The final blunder to look for at this point is blunders of mathematics. For some reason, many writers are dreadful at maths. Check numbers! If your characters met 10 years ago, don’t have them discussing things they did 16 years ago. If they are 25, it is unlikely they have been married for 13 years. If they go back in time 78 years, they are unlikely to be hanging out with their parents at university, unless the main characters are much older than the parent characters at the time the story is set.

And if you have time travel, or a story that is set over years, for the love of little bunnies, have a timeline that you write down as you go and give it to someone else to check the maths unless you are absolutely confident!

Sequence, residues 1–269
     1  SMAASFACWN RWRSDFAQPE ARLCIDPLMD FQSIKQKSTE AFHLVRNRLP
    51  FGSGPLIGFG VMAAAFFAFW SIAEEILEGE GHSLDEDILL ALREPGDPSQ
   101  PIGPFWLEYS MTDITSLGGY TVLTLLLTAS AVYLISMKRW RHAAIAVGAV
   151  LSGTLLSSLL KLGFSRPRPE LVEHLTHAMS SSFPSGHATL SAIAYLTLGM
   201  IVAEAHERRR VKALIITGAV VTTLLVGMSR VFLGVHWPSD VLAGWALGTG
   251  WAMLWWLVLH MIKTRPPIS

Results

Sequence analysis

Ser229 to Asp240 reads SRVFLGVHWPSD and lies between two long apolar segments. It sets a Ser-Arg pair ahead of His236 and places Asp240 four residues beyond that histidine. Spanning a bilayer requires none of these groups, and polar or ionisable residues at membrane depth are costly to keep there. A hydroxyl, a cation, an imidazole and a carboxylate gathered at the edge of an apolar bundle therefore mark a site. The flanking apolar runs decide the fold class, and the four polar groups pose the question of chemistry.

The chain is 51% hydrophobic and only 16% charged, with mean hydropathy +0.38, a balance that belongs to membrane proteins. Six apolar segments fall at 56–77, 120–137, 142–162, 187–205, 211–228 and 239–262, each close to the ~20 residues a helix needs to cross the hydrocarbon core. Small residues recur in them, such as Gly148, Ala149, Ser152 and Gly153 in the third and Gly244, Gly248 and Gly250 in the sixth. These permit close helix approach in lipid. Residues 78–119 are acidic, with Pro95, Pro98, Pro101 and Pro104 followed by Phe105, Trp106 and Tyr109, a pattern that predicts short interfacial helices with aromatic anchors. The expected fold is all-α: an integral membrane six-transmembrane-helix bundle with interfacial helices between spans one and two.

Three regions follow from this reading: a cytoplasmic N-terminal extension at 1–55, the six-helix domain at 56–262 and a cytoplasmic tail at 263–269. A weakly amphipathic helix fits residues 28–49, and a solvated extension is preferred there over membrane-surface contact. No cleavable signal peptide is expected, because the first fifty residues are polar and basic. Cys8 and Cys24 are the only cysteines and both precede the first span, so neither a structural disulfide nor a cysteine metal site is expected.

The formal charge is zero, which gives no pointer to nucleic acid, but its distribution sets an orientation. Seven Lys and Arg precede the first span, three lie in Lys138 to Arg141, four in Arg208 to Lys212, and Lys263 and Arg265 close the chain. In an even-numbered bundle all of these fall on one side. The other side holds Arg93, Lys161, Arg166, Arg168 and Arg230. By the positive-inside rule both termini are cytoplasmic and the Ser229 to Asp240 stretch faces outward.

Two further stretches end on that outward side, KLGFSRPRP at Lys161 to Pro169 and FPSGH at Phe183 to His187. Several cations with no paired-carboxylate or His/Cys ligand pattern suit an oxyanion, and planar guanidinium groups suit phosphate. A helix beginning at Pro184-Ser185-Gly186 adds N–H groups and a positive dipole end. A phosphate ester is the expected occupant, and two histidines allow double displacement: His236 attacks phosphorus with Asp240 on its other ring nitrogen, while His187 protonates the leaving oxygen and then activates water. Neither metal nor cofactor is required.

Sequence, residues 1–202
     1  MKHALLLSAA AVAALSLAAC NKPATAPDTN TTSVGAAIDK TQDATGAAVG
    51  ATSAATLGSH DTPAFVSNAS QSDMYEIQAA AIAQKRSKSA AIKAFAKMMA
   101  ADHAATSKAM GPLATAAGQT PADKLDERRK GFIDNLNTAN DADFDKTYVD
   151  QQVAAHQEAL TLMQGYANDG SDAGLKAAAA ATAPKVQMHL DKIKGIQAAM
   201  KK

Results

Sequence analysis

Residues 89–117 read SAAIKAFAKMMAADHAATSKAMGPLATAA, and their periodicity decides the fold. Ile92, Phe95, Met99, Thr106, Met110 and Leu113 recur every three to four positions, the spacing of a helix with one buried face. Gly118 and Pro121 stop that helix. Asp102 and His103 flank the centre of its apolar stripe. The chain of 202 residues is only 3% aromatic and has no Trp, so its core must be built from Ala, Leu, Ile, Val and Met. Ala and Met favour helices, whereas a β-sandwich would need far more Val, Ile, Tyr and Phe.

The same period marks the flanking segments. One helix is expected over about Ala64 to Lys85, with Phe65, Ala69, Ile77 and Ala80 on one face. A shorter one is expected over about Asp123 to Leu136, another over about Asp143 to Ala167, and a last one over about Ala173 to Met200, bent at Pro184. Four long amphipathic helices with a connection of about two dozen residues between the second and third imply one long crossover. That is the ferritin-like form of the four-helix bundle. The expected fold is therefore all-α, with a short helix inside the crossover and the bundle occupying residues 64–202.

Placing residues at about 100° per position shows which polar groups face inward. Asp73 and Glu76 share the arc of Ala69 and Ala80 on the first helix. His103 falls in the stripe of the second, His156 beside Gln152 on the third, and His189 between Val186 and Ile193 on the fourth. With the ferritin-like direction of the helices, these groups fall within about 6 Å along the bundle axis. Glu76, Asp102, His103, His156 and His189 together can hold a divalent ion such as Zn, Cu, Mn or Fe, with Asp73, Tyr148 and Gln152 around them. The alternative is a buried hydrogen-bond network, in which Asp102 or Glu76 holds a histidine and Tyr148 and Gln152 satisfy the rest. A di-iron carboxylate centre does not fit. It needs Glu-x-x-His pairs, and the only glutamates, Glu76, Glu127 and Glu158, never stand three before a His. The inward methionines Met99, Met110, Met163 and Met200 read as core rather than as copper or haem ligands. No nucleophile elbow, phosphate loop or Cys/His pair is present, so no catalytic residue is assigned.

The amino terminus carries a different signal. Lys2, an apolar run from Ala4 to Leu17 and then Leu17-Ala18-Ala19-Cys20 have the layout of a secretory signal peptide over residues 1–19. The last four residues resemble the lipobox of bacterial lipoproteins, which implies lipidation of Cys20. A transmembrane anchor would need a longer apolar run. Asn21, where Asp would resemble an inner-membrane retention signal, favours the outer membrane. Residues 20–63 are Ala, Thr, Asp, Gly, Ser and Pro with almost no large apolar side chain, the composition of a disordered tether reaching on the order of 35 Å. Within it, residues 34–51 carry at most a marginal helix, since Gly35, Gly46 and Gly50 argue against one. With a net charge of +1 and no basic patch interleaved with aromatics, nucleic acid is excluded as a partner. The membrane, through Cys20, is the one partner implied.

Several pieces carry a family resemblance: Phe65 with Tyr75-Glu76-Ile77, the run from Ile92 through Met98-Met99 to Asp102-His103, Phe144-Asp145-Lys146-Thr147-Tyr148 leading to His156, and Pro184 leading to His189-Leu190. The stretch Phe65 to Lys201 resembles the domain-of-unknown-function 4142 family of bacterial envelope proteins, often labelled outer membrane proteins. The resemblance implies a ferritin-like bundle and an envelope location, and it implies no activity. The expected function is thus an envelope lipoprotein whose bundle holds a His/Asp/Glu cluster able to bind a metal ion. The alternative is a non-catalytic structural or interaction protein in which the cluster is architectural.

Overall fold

Put it aside for a time
This is one of the easiest ways to improve your stories. Work your way through, tidy it up for sense and structure, then put it away and work on something else for a week, or a month, or even longer.

Don’t stress that your story is not out there being seen; it’s ageing, mellowing, like a bottle of wine. In the back of your head, even though you are not thinking about it, that story is still happening. While in the front of your head, you are forgetting parts of it and letting go of any of the pain it caused you.

Now, on a weekend, or a day off, take the story out. Print out a fresh paper copy and grab a few pens. Make a cup of tea, or sit in a quiet cafe. Read through your story. It will be surprisingly fresh, even though you wrote it.

Does it move you? Does it surprise you? Does it make you think? Does it take you on a journey you want to go on? Because if it doesn’t, you have significant rewrites to do, regardless of how brilliant your characters are, or how hot the sex scenes (obviously, if you're writing erotica, it need only move you and have hot sex scenes.)